Dig These Discs :: Barbra Streisand, Cher Lloyd, Tori Amos, Beth Orton, The Script
Folk music abounds in this edition of Dig These Discs. La Streisand thrills with a collection of classic covers, and folkie Beth Orton releases her best album yet. Irish folkies The Script make a big splash, Tori Amos reworks her best hits and UK singer/rapper Cher Lloyd showcases her dynamic voice.
"Release Me" (Barbra Streisand)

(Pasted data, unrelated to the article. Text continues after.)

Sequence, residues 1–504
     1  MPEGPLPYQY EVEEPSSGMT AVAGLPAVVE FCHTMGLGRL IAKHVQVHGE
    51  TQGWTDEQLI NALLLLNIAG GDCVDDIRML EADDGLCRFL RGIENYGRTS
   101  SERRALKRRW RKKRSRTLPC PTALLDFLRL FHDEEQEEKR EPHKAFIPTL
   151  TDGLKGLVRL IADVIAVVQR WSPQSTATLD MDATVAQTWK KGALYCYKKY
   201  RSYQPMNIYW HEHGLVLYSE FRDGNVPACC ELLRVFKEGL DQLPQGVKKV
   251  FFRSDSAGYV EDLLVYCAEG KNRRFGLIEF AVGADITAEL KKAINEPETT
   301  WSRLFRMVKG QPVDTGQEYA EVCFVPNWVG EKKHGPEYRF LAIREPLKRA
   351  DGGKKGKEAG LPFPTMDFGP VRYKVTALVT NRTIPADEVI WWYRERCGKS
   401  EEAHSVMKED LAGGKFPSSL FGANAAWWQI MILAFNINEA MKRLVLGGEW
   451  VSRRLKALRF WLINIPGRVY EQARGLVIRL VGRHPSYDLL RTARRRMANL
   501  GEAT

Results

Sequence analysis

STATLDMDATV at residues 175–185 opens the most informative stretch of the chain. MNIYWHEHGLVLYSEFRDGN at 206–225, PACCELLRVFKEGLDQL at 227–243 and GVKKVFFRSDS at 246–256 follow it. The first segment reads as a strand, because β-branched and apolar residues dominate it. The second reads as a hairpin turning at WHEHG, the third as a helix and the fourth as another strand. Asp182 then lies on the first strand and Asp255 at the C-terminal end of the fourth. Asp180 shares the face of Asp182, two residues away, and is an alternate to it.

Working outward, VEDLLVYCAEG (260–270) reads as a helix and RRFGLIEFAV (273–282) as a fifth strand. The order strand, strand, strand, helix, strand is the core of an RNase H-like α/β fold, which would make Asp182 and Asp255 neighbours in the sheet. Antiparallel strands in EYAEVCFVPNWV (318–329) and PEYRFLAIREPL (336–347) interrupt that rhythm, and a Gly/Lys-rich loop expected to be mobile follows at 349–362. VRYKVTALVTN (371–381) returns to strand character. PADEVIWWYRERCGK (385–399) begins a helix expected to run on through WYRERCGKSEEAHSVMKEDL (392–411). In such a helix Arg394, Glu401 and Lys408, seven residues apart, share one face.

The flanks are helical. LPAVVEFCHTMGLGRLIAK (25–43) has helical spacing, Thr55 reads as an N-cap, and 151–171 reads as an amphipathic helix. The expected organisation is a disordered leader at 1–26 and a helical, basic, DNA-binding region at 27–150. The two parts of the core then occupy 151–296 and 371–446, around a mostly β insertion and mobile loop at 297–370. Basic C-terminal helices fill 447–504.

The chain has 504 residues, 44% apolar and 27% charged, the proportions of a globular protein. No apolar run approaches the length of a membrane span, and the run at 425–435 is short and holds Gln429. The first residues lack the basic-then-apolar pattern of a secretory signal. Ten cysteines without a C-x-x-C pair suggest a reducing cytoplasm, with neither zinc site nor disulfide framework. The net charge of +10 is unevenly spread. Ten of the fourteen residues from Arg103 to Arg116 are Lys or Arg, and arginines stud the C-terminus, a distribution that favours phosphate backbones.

The Babs takes pity on us lowly hoi polloi as she releases her new album, "Release Me," a collection of 11 classic covers never previously recorded, from her private vault. She guffaws her way charmingly through the intro of her first track "Being Good," singing, "Being good, won’t be good enough/ When I fly I must be extra high and I’ll need special wings/ so far to go from so far below." It’s a sacrilege to doubt Streisand’s amazing vocal range, and it’s all on display from the get-go, complemented with full orchestration. She laments the near miss of love in country music artist Lee Greenwood’s "Didn’t We," and keeps the sadness flowing in the 1932 jazz standard, "Willow Weep For Me." "Try To Win a Friend," is a sad tune made popular by Johnny Mathis, as Streisand sings of the end of relationships, singing, "After you’ve lost a lover, try to win a friend. The parting’s easier when they are smiles instead of tears." If only it were so easy, Babs! In Randy Newman’s "I Think It’s Gonna Rain Today," the dialogue intro gives you a peek into the studio, where rich piano chords pick out a tune about human kindness overflowing. Both Nina Simone and Bette Midler did a fine version of this song, and Babs does as well. She tackles Paul Williams, "With One More Look at You," featured on the album "A Star is Born," singing, "With one more look at you, I’d learn to change the stars/ And change our fortunes, too. I’d have the constellations paint your portrait, too/ So all the world might share this wondrous sight/ The world could end each night with one more look at you." She seizes upon a Brazilian bossa-nova sound in "Lost in Wonderland," which seems like the less pretty and far more talented version of "The Girl from Ipanema" as she sultrily sings her story, "I took a walk and I lingered there." She belts out "How Are Things in Glocca Morra," asking each weeping willow and brook along the way, and segues into "The Heather on the Hill," both from the classic movie "Brigadoon." A music-box intro sets up "Mother and Child," a nice vehicle for Streisand’s peerless pipes to shine, as she duets with herself as both mother and child. She employs theatrical metaphors in "What Matters Most," singing, "Why was there no applause, that was our best performance, all in all I thought our last night went quite well." The song is redolent with a deep sadness, as she sings, "some things are just too good to be true." She closes out the album with "Home," originally recorded in the ’80s for "The Broadway Album." This barn-burning powerhouse is a great way to end a stunning album of covers. Now if only we had an extra $600 lying around for a ticket to see her perform them live...